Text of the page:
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Carolee Schneemann at PS1
Meat Joy 1964, silver printPhoto by Al Giese. From performance at Judson Church, November 16-18, 1964 New York. Courtesy of C. Schneemann and P.P.O.W, New York

The art work that nearly killed Carolee Schneemann

The artist’s search for truth has resulted in pioneering investigations into the female body, sexuality, and gender – not all of which the public has agreed with

You may remember Lady Gaga’s meat dress as something of a scene – but it doesn’t hold a candle to Meat Joy, the Carolee Schneemann happening from 1964 that inspired it. Where Gaga took an existing idea and transformed it into a publicity stunt, Schneemann invented something that had never been seen or done – and it nearly cost her life.

Picture a group of young men and women clad in their undergarments experiencing the pleasures of the flesh: of the carcasses of fish and chicken, along with sausages, touching their bare skin. Imagine being in the same room as they gathered on the floor to engage in an experience of sensuality the likes of which had never been realised before. Envision a man in the audience becoming so enraged he leaped from his seat, dragging Schneemann off to the side, and beginning to strangle her.

This happened during the Paris edition and went on until two bourgeois women jumped from their seats and fought off the attacker until he stopped. Then Schneemann got back into the happening and continued on with the knowledge that her explorations could unleash a cataclysmic storm. But Schneemann is an unstoppable force – she is freedom incarnate. Uninhibited and unafraid, she has been challenging the patriarchy by virtue of being true to herself.

“Schneemann is an unstoppable force – she is freedom incarnate. Uninhibited and unafraid, she has been challenging the patriarchy by virtue of being true to herself”

Born in 1939 to a country doctor and a farm wife, Schneemann grew up close to nature, embracing the life and death cycle of the earth. When her father refused to support her decision to go to college, she won a full scholarship to study painting at Bard College, in New York, which she attended until she was expelled on the grounds of “moral turpitude.” Where others might have given up, Schneemann persevered, creating a body of work so singular and so challenging that to this day she has no equal in the field.

Her pioneering investigations into the female body, sexuality, and gender have tapped into archaic visual traditions and wrestled with social taboos, transforming Schneemann into a vessel of transgression and subversion in search of truth. In celebration, MoMA P.S. 1, New York, presents Carolee Schneemann: Kinetic Painting (October 22, 2017- March 11, 2018), the first comprehensive retrospective spanning her prolific six-decade career. 

In conjunction with the exhibition, Prestel has released a catalogue of the same name, while the Artists Institute has published Carolee’s Issue 02, which illustrates the ways in which other artists, advertisers, and pop culture figures have drawn heavily from her work. Schneemann speaks with us about Meat Joy as well as her career as “both image and image maker.”

“When a woman (creates a nude self-portrait), it is trivialising the aesthetic, but when a man does it, it is part of his heroic domain or domination of subject” – Carolee Schneemann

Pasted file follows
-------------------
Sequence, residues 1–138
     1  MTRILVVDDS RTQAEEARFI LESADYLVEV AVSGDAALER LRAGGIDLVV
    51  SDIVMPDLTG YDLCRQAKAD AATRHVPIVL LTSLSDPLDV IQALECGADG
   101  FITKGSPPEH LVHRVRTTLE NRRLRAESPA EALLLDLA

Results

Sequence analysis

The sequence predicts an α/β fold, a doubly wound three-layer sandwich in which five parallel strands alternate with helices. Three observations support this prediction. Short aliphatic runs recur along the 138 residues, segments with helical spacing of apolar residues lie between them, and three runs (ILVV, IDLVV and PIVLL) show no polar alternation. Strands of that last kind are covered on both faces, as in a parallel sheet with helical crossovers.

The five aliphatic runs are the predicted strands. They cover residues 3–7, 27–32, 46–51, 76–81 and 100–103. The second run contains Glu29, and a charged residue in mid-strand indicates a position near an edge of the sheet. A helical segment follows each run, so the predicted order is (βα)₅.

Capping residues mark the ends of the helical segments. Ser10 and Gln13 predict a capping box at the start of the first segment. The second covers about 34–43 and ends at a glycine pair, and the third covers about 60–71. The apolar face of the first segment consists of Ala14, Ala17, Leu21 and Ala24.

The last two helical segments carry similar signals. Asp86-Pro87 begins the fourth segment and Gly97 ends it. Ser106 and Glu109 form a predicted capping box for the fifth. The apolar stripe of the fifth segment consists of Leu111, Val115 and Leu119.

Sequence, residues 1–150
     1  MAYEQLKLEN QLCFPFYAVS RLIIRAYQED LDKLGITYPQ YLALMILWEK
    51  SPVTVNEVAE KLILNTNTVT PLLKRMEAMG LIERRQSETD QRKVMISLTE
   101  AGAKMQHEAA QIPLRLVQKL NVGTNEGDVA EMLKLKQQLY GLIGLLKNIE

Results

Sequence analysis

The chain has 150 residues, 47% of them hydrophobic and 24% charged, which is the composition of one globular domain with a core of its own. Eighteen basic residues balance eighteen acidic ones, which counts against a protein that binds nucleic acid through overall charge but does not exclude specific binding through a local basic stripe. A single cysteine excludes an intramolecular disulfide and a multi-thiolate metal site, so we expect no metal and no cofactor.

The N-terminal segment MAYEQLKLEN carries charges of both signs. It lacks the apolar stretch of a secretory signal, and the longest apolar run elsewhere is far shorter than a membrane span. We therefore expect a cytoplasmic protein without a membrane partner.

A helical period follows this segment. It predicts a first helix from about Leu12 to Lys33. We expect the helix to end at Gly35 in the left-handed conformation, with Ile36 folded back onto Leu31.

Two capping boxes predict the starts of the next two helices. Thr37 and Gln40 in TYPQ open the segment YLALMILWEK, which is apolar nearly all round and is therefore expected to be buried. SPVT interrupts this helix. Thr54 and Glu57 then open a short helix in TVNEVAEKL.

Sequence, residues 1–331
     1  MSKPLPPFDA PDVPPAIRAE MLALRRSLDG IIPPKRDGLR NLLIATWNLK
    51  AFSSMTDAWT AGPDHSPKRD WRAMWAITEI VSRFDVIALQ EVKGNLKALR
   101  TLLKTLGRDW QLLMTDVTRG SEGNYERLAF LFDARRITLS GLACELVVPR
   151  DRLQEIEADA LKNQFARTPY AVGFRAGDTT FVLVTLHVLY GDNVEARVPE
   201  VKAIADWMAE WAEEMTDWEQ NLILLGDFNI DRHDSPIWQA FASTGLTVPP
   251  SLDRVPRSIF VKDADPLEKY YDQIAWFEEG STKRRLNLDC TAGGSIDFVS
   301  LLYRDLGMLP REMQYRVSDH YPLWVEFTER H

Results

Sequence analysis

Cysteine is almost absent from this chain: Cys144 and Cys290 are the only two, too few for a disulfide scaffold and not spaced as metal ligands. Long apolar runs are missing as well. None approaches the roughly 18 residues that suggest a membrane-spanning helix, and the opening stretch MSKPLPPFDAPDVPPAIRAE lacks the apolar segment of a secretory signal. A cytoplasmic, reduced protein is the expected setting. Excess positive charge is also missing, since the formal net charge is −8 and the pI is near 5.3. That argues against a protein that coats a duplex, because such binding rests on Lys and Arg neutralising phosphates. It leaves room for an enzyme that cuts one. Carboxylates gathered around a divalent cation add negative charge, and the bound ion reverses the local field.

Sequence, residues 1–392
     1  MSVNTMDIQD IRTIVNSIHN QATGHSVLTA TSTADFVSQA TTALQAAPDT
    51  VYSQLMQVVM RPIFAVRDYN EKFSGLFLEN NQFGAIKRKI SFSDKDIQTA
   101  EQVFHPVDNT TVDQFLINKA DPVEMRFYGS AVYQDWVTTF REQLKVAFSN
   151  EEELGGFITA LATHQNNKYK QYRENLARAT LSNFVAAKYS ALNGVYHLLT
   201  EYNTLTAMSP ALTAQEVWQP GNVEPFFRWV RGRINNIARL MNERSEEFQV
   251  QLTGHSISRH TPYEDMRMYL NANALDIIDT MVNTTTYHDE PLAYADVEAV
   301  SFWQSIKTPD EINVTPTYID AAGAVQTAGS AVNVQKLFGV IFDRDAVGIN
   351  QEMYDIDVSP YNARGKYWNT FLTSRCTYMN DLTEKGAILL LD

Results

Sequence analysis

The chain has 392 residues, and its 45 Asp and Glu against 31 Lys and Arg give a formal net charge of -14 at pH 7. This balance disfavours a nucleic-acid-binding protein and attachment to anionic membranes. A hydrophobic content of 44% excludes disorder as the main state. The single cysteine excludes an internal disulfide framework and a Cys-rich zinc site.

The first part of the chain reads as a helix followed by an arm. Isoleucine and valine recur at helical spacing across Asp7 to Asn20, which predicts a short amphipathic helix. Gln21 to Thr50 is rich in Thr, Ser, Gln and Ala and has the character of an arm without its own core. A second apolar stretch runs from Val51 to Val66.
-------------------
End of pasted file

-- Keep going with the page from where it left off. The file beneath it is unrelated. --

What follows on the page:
“I always deeply identified with the natural forms and aspects of nature. For me, it was a reality apart from domesticity. I felt very overburdened and trapped by all the daily chores that my mother had to do – so I escaped that by going off with my dad in the car while he went to see patients, which often involved long rides and waiting with a woman who was giving birth.

I learned to be very patient. Now I think that that still time has helped me go through various illnesses. I’ve had to be in bed, sleeping and healing, and sometimes just watching leaves drop. The advantage to that was once I started thinking and drawing with some sense of the world outside of me, I started off as a landscape painter.

In the MoMA P.S. 1 retrospective, there are some drawings from when I was four and five years old. They’re very acute. In some of them, the subjects are observed carefully, including one where I must have been four years old. It’s a drawing of my brother in a bassinet. It is crude but very accurate. It’s wonderful to see that there was something implicit always engaging my energies.”


“There were very few girls at Bard in the art department. Only one older girl had the strength to persist and work without being defeated all the time. I think it was something deeper inside.

I had a great father but he wouldn’t send me to college; he didn’t think that was appropriate. I had the incredible good luck that I applied by myself and got everything paid for, which they almost never did. But then I was kicked out in my junior year for ‘moral turpitude.’

No one told me what it was. There was a big froth with the faculty. I didn’t know what it was but I had to leave campus but for some legal reason they were required to extend my scholarship to somewhere else so I was able to go to New York City and attend the New School for Philosophy and Art History and Columbia School of Painting for painting and sculpture, and finally I was able to draw from life. 

At Bard, we had no life models so I painted portraits of my own naked body sitting in front of the mirror in my dorm room. It seemed to me (just two years ago when I got a lifetime award from Bard) that I was kicked out for those nude paintings. They were explicit. They were naked and open legged – and they were stolen from my room so quick. The guys must have just gone in and snatched them away. And the word ‘snatch’ was an inappropriate one (Laughs).”